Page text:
Sun is losing its shine with time, says NASA

The sun is getting dimmer with every passing day and it's getting consecutively more blank as well because of lacking sunspots. In 2017 alone, 96 days have so far been observed without sunspots, according to NASA's Spaceweather.


SpaceX, the company owned by Elon Musk, launched TSIS-1, a brand new sensor, to the ISS (International Space Station) on December 15. The sensor, which would be replacing the old SORCE spacecraft, is supposed to assess how much and how quickly the sun is losing its irradiance. The sensor will study the sun for five-years. According to NASA Solar Dynamics Observatory, the total solar irradiance (TSI) has taken a plunge as the sunspot cycle declined the most this year in the last 11 years.

The sun's productivity has declined about 0.1% throughout the whole electromagnetic spectrum in comparison with the 2012-2014's Solar Maximum. An alteration of 0.1% may sound like a bare minimum; however, it's huge in terms of the energy that the sun dumps on earth. A variation of as minimum as 0.1% is capable of surpassing all the other energy sources of our home planet.

NASA Solar Dynamics Observatory (SDO) Mission Blog has recently published a chart, which depicts the plunge in TSI since 1978. These changes were observed by nine preceding satellites.


"In the top plot, we drew the daily average of measured points in red (so there are a lot of points, 14187 to be precise). On the left is a red vertical bar showing a 0.3% change in TSI. The black curve is the average of TSI over each year. The dashed horizontal line shows the minimum value of year-averaged TSI data. The vertical black bar shows the 0.09% variation we see in that average. The bottom plot shows the annual sunspot number from the SIDC in Belgium in blue," explained the NASA SDO Mission Blog.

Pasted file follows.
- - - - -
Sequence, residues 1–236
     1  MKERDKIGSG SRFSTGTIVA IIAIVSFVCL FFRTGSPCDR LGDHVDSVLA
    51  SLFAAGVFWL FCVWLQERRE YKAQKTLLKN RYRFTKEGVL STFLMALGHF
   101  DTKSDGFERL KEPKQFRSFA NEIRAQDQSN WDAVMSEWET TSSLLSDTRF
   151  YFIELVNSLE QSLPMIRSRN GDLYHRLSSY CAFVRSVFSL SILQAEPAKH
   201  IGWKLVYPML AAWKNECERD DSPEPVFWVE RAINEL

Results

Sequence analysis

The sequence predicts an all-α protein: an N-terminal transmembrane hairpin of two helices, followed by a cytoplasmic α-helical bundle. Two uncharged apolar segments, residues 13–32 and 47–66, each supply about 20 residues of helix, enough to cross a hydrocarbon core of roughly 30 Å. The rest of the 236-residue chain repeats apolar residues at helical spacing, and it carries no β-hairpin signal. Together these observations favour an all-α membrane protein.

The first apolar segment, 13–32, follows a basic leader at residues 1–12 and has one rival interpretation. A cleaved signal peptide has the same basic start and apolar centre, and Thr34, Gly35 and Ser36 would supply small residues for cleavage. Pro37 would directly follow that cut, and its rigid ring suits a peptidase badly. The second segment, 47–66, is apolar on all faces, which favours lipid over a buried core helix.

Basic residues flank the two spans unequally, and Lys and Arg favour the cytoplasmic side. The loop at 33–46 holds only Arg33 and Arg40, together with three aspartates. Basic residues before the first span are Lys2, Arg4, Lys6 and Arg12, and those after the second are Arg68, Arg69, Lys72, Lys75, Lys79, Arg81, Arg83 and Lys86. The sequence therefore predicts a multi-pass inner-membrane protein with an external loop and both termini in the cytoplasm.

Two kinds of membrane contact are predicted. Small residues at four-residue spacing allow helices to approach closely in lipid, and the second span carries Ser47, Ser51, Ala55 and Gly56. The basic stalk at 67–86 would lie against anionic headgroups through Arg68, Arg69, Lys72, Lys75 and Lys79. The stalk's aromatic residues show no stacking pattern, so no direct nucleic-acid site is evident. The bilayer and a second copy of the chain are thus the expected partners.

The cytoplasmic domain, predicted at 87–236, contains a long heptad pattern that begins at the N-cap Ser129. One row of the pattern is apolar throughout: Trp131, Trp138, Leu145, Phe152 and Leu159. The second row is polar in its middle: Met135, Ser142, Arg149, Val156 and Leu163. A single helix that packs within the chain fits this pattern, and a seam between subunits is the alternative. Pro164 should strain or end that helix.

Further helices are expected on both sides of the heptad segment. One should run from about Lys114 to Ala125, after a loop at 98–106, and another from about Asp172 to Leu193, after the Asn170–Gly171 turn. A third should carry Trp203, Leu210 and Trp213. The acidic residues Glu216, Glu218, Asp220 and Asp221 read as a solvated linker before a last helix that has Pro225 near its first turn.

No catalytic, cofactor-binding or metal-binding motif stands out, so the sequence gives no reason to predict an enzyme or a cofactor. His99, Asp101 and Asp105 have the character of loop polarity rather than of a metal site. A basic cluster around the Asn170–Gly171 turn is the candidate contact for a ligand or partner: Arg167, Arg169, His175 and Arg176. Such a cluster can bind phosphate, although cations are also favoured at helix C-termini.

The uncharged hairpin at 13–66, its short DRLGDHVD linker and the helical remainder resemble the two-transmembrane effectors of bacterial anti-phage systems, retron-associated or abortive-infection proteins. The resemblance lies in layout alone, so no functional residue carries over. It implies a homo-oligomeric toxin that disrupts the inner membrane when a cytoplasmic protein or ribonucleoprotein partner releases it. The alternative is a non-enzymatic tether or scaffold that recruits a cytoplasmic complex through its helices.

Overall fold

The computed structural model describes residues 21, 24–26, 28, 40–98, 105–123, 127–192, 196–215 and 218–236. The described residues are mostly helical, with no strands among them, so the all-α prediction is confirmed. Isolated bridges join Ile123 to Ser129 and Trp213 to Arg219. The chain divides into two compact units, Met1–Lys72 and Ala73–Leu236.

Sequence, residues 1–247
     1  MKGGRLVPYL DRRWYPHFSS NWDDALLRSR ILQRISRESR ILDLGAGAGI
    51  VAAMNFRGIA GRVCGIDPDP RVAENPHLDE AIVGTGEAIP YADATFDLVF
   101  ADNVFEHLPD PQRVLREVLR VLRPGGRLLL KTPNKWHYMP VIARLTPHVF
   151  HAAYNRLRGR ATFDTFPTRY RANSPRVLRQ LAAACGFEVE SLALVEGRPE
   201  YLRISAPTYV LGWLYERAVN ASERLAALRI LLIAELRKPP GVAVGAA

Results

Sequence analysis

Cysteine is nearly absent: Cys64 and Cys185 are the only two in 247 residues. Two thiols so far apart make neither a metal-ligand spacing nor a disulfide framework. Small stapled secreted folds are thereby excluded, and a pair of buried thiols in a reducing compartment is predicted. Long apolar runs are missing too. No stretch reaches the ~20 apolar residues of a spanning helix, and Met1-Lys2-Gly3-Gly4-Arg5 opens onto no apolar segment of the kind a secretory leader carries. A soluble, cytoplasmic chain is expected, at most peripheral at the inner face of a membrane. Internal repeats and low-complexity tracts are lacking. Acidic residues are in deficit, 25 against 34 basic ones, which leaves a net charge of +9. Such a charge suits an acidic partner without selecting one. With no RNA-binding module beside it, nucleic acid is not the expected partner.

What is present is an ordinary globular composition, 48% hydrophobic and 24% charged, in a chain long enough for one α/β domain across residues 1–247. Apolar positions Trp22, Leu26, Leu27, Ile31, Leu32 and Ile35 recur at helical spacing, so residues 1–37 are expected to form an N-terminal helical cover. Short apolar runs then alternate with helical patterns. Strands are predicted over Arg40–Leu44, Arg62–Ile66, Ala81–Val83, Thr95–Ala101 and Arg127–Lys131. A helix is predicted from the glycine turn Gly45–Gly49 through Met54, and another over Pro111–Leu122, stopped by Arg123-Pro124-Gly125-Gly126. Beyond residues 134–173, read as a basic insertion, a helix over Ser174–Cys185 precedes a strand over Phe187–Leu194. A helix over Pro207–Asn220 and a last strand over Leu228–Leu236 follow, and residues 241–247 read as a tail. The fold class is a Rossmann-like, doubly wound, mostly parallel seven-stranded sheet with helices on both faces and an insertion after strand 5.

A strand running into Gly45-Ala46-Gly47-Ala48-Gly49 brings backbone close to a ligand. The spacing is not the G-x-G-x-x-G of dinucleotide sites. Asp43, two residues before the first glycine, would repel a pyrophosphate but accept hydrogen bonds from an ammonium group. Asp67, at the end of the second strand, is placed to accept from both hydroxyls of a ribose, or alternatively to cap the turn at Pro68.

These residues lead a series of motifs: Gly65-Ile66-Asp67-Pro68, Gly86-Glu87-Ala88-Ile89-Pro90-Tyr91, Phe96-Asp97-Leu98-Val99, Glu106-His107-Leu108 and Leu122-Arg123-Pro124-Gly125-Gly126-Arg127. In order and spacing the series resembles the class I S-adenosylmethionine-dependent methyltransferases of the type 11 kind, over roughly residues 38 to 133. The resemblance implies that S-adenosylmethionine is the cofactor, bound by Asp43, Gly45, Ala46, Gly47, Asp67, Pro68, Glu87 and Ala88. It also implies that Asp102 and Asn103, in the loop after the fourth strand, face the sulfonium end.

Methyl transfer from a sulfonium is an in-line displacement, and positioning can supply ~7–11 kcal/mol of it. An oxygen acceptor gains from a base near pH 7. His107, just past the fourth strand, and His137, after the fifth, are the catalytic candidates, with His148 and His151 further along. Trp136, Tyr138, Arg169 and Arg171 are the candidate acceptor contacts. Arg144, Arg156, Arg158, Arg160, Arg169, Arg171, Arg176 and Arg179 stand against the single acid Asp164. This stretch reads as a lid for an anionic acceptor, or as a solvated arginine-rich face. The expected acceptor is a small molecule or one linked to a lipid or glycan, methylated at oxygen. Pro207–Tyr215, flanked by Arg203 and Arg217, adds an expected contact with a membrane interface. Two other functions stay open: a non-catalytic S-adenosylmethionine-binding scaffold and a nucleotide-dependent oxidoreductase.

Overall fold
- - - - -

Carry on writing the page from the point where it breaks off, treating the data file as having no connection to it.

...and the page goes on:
Here are the things that we can learn from this chart:

  1. TSI changes on a regular basis and that's why it is not called the solar constant anymore
  2. TSI increases if the number of sunspots surges and when the sunspot cycle declines so does TSI. "This waxing and waning of TSI with sunspot number is understood as a combination of dark sunspots reducing TSI below the dashed line and long-lived magnetic features increasing TSI. SORCE has even observed flares in TSI," stated the blog.
  3. The horizontal line in the middle of the two plots is not the average. "It is drawn at the lowest value in the year-averaged TSI data (that happened in 2009). When there are no sunspots the Sun's brightness should be that of the hot, glowing object we always imagined it to be. We would expect TSI to be the same at every solar minimum. There is much discussion over whether the value of TSI at solar minimum is getting smaller with time, but it is not getting larger."

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Thus, the data proves that the sun, contrary to popular belief, is not getting more radiant with time. While it's true that the sun's brightness depends on the sunspot cycle, the solar activity level has been on a decline for the past 35 years. Reportedly, as the above chart goes, we would witness the next deep Solar Minimum during 2019-2020.

This article was first published on December 18, 2017
Related topics : Nasa